5.1 I carried … parasitic. 6.2] crossed pencil


James Hector. See enclosures.
The references are to the Royal Society of London and the Copley Medal; the award of the Copley Medal to CD was announced at the Society’s anniversary meeting on 30 November.
George Busk.
Edward Sabine’s address to the Royal Society on 30 November 1864 contained remarks on Origin that became a subject of controversy (see letter from Hugh Falconer, 2 December 1864 and n. 3).
Thomas Henry Huxley.
The minutes contained only the formal motions, not the discussions, of the Council. As recorded in the Council minutes of 3 November 1864, it was ‘Resolved, by ballot,—That the Copley Medal be awarded to Charles Darwin, F.R.S., for his important Researches in Geology, Zoology, and Botanical Physiology.’ See also letter from T. H. Huxley to J. D. Hooker, 3 December 1864.
Because of his deafness, Hugh Falconer may not have heard Sabine’s address clearly (see letter from G. G. Stokes to T. H. Huxley, 5 December 1864).
No letter from Falconer to Sabine has been found in the Sabine papers and correspondence at the Royal Society.
Sua sponte: of its own accord.
CD had consulted Hooker about these plants for his research on the climbing habits of twining plants (see letter to J. D. Hooker, 26 November [1864], and letter from J. D. Hooker, 29 November 1864). CD cited Hooker’s observations of Wistaria (also called Wisteria) and Ruscus androgynus in ‘Climbing plants’, pp. 21–2. A note on R. androgynus is in DAR 157.1: 21.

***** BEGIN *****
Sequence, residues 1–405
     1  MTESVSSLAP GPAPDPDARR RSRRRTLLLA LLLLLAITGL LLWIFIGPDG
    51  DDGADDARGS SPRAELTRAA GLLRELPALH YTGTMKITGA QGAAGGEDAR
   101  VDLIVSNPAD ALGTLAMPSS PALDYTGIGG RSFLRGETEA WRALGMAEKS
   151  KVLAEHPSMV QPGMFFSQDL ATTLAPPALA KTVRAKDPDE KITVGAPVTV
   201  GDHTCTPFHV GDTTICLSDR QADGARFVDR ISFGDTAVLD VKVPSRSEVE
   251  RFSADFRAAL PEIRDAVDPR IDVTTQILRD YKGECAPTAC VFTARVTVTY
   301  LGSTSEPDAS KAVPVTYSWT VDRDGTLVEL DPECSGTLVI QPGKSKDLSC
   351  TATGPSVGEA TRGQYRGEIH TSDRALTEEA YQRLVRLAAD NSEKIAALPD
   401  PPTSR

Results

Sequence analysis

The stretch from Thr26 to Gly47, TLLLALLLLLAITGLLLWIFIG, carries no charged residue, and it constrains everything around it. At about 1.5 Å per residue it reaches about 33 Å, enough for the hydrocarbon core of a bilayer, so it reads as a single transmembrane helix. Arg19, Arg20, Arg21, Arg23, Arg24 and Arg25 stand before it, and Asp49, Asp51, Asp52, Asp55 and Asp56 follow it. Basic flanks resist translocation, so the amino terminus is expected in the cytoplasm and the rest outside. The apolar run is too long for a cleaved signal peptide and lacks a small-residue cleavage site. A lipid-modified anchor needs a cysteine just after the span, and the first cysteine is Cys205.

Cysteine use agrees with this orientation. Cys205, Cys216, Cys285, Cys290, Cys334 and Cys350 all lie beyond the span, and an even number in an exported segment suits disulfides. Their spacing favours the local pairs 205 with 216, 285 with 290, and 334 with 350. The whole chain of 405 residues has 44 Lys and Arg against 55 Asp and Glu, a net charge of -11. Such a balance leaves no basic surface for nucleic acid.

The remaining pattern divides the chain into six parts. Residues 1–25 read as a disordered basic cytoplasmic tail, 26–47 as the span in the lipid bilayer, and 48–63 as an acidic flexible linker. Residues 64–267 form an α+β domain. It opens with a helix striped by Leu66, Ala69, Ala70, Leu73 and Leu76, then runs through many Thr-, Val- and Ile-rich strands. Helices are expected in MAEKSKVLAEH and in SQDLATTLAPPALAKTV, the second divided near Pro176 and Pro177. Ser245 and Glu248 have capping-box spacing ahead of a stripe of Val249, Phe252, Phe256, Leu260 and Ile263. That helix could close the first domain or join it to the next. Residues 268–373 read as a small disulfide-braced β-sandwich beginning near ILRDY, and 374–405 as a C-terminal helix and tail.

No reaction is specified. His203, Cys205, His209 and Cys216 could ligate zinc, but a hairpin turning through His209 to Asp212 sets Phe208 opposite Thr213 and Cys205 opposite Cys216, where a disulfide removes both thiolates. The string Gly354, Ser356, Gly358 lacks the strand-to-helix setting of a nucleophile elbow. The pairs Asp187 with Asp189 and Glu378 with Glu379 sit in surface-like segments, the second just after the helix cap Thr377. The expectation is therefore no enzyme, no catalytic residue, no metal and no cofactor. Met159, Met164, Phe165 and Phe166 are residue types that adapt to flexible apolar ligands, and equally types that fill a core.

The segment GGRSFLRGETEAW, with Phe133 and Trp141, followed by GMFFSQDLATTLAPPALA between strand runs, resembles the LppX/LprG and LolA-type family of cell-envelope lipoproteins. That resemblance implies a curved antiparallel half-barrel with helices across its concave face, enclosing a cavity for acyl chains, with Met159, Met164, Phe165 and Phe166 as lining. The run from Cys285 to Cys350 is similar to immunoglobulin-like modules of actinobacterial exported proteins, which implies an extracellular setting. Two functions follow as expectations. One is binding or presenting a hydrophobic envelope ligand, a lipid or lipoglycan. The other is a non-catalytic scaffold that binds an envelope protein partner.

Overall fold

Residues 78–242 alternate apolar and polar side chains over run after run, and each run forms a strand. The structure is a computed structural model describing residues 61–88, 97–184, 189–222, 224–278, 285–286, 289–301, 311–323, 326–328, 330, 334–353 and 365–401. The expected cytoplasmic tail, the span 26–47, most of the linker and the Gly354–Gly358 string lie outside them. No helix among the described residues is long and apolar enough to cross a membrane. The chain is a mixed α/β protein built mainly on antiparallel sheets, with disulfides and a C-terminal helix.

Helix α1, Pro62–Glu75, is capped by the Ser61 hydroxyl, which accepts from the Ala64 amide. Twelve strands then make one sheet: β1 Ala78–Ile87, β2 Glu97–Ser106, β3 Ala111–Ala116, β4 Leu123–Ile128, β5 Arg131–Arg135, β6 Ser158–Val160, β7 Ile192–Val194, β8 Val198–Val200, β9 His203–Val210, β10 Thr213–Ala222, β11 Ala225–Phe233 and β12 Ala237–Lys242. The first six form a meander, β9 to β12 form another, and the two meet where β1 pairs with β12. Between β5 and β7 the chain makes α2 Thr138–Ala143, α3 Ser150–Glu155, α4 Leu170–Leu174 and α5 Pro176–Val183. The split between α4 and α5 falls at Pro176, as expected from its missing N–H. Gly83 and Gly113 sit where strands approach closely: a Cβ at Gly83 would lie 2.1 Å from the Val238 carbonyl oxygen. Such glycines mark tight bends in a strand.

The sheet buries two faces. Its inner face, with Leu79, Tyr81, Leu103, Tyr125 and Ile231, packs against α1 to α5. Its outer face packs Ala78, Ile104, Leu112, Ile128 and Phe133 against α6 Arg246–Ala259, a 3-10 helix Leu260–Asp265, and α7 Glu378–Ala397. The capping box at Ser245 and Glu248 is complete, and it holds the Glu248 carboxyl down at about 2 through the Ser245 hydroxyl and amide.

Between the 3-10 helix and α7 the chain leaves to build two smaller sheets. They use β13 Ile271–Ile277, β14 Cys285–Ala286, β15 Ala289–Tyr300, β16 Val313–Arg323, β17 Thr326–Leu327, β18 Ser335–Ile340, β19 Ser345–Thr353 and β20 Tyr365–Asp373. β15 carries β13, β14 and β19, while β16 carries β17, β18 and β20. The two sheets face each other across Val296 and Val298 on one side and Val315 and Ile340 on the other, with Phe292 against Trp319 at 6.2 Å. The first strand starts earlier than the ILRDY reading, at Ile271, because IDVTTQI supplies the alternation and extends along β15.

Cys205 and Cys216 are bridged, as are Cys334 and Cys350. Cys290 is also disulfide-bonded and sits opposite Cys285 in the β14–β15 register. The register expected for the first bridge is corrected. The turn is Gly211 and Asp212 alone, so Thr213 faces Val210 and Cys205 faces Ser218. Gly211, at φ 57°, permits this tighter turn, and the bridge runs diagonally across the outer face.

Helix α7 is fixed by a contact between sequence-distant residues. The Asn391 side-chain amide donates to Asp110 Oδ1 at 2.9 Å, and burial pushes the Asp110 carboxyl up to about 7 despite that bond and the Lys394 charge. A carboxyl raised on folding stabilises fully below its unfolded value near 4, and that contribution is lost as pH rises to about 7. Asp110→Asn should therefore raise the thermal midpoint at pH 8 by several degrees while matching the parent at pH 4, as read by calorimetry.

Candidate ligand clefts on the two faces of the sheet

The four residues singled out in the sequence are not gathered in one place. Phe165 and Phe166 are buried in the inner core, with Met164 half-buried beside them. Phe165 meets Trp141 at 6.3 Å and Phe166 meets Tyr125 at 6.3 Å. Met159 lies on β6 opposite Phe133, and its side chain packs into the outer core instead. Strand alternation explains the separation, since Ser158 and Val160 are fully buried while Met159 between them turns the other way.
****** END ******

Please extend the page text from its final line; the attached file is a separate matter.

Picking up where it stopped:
Hooker was a member of the governing council of the Linnean Society; Busk was zoological secretary; Frederick Currey was botanical secretary (Gage and Stearn 1988, p. 59).
In his letter to CD of [23 November 1864], Hooker expressed his dissatisfaction with delays in publishing the issue of the Journal that contained CD’s paper ‘Three forms of Lythrum salicaria’. CD’s paper had been read at the Linnean Society on 16 June 1864. It was published in the 12 December 1864 issue of the Journal. Hooker had played an active role in the reform of Linnean Society publications for many years (see Correspondence vol. 5, letter from J. D. Hooker, [before 7 March 1855]). In 1856, he helped to initiate reforms that separated Society news, thereafter issued in the Proceedings, from full-length articles, thereafter issued in the new Journal, which had separate sections for zoology and botany. Hooker apparently hoped to carry these reforms further by having the two sections published separately; however, this policy was not implemented until 1867 (Gage and Stearn 1988, pp. 160–2, 214–16).
See letter to J. D. Hooker, 26 November [1864].